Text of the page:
‘Transformers: The Last Knight’ Is Big, Bad, And Boring

“You owe me eight dollars.” I was met with this response as I made my way to do a movie podcast in which one of the topics was Michael Bay’s latest in his cinematic oeuvre. The comment was made by a fellow critic who paid matinee price as preparation for the near 11-minute discussion about the Transformers franchise and the ultimate toll it has taken on the state of blockbuster movie-making.

Yes, we talked about Transformers for 600-odd seconds. That may not sound like much but believe me it is. Far more than what was probably necessary or deserved. A waste of words and breath, and yet here I am writing a review (more like a plea) on why it may be best to let these robots in disguise rust as you seek better visual simulation and save some brain cells.

Transformers: The Last Knight
is the fifth installment of the franchise based on the Hasbro toys. Well into my thirties I remember fondly as a kid playing with the toys and sitting in front of the television Saturday mornings watching the cartoons as I scarfed down cereal. Optimus Prime, Megatron and the rest had my undivided attention much to the displeasure of my parents.

Skip forward a few decades to summer 2007 and the arrival of Transformers in theaters. Michael Bay, a director best-known for the bombastic cacophony that dominate his movies, was two years removed from The Island, a sci-fi actioneer with Ewan McGreggor and Scarlet Johansson that is one of the least mentioned of his output. Transformers was a nice rebound and a box office hit so of course a sequel was guaranteed. Every two or three years since then audiences have been on the receiving end of more robot-on-robot action with human life hanging in the balance, and each movie has been more flashy and ostentatious than the former. The series has been financially successful but remains creatively bankrupt. Transformers: The Last Knight continues the downward trend.

If there is a Transformers fanbase I must not interact with them. Maybe they, like the toys themselves, are in disguise; they hide their fondness for fear of being ridiculed for their guilty pleasure. Though I’m one to talk; I unabashedly love The Fast and Furious franchise, which reached No. 8 this year with the release of The Fate of the Furious. But the Furious movies at the very least try to evolve with every installment, unlike the spectacle orgy that is in Bay’s movie-making DNA.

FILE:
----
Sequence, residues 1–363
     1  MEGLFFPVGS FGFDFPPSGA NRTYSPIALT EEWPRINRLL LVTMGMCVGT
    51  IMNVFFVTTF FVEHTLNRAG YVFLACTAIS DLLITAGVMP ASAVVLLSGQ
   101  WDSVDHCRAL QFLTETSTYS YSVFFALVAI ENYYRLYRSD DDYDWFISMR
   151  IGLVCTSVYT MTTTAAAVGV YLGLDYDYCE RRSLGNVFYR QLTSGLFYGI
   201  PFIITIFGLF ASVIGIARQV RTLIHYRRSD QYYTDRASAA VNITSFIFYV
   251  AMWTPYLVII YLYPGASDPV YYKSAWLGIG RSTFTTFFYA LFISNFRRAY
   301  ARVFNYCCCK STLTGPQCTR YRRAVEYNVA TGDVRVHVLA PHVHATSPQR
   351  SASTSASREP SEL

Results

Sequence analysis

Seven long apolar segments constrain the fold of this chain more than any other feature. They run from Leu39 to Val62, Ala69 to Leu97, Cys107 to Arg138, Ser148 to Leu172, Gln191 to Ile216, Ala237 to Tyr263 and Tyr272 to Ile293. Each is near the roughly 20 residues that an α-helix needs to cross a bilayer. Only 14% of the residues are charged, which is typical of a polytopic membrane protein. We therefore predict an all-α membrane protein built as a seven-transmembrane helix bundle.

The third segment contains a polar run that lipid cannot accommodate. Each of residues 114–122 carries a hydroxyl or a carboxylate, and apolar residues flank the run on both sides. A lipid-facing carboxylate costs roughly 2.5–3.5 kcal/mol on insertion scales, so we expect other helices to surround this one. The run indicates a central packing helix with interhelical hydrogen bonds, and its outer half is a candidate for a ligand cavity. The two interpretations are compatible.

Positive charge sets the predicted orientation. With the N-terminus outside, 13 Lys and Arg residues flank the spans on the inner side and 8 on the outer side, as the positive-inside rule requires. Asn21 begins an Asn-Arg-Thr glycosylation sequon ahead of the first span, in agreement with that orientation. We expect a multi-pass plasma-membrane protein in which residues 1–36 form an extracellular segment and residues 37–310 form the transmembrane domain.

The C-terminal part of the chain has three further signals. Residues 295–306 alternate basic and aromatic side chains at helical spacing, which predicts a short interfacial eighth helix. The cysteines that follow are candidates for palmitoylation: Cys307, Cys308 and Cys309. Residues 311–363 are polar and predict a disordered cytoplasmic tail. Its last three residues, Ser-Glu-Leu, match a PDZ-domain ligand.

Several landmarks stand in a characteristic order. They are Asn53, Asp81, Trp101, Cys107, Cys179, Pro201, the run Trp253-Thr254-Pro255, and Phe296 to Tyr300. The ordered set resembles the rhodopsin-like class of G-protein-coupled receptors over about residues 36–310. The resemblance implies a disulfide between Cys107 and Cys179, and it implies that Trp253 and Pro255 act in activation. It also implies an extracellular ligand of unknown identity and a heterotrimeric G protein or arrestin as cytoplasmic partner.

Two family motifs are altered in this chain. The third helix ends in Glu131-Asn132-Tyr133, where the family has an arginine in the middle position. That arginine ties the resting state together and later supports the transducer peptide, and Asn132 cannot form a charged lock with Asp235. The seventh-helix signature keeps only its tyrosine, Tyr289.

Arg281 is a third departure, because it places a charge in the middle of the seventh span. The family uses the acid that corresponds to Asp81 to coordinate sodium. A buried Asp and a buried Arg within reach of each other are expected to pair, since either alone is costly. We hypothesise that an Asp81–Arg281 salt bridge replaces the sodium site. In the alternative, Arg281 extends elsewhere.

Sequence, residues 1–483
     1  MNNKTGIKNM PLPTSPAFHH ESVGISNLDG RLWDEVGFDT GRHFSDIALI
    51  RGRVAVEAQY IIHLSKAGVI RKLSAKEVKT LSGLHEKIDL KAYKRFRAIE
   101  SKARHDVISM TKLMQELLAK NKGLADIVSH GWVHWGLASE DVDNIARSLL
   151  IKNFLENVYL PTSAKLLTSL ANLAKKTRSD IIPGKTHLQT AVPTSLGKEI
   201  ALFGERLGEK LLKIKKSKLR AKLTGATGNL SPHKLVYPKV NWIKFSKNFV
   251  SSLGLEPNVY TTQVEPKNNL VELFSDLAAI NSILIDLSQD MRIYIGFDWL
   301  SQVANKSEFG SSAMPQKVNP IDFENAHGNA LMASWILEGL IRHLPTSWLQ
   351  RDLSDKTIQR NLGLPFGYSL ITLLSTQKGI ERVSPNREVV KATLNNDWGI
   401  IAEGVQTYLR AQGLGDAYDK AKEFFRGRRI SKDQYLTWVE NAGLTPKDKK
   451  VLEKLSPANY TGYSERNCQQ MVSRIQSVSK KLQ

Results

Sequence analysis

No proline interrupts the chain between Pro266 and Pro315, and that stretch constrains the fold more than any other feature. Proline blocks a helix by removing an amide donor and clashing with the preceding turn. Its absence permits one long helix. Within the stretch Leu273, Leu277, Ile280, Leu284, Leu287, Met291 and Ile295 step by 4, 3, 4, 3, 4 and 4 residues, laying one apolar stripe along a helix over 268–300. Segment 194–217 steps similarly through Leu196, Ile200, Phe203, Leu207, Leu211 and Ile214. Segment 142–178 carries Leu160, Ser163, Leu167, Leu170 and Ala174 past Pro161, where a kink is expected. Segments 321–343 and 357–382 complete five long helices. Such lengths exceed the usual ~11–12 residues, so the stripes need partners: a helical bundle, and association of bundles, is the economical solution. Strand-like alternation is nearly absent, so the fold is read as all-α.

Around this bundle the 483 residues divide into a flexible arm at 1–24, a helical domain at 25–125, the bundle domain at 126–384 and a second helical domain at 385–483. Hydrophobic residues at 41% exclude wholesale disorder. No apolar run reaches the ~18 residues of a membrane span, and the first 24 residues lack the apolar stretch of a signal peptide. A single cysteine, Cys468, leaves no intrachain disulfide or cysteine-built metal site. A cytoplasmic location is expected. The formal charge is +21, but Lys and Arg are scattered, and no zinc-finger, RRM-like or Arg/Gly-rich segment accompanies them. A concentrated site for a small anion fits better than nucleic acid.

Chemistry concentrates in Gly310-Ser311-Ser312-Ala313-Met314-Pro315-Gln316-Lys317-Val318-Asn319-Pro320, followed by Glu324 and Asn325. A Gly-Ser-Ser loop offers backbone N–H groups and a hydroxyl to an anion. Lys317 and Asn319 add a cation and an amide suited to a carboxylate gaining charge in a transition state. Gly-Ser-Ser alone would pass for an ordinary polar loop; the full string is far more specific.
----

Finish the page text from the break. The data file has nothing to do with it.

The Last Knight is an illogical mess built to give viewers sensory overload. When special effects drive a story and not the narrative that tells you all need to know. Don’t give me the leave-your-brain-at-the-door excuse as a means to escape reality and be entertained. This thing is over two hours and 20 minutes long. 149 excruciating minutes to be exact. As for the actual story, your guess is as good as mine. I’ll give it a shot, though.

Optimus Prime is floating in space, going back to his home world of Cybertron to meet his creator. Appalled at the wasteland he sees, Optimus becomes subservient to Quintessa, the planet’s dark queen, and makes his way back to earth as Nemesis Prime (how original). A military taskforce has been created to eliminate all Transformers – both Autobots (good guys) and Decepticons (baddies) – that keep coming to our planet as if it was the center of the universe. Megatron is back to start some trouble. I thought he died like two sequels ago.

Shameless money grab alert as Sir Anthony Hopkins pops in to chew scenery, only to be upstaged by his robot manservant butler (as voiced by Downton Abbey’s butler). Cutaways of John Turturro talking on a pay phone in Havana. Stanley Tucci as Merlin, a drunkard whose magical abilities come from a staff given to him by a very old Transformer. Yes, the lore of King Arthur is somehow intertwined with Transformers. It all amounts to Quintessa wanting to crash Cybertron into Earth (which she calls “Unicron”) so it can drain the planet of its energy. The Autobots do their part in trying to save the day along with Mark Wahlberg’s Cade Yeager, the Texas-bred, though Boston-sounding, inventor/tinker and an Oxford professor (Laura Haddock), whose birthright may hold the key to survival.

If you were able to make sense of all that, then I applaud you. Just skimming over the last paragraph I am still marveling at the narrative’s incoherence. Pauses between the action are a rarity and when they do occur they rarely help to give a clear indication of where we are going and why should we care about the human element. Actually, there is a supporting character that is introduced early on you believe will be integral to the movie, but she is pushed aside only to pop up later. Honestly, the character could have been cut out entirely, interactions scratched, and you wouldn’t miss a thing.

Big and bombastic, the best “B” descriptor for Transformers: The Last Knightr is BORING. I literally checked my watch three times while watching, doing the math of how much time had elapsed and how many more minutes until it was over. Michael Bay’s shock-and-awe visual incontinence (aided with an army of six editors!) has plateaued. Time to move on.

Director: Michael Bay
Writers: Art Marcum, Matt Holloway, and Ken Nolan
Starring: Mark Wahlberg, Anthony Hopkins, Josh Duhamel, Laura Haddock, Jerrod Carmichael, Stanley Tucci, John Turturro
Running Time: 149 minutes
Rating: PG-13 (for violence and intense sequences of sci-fi action, language, and some innuendo)

1 Comment

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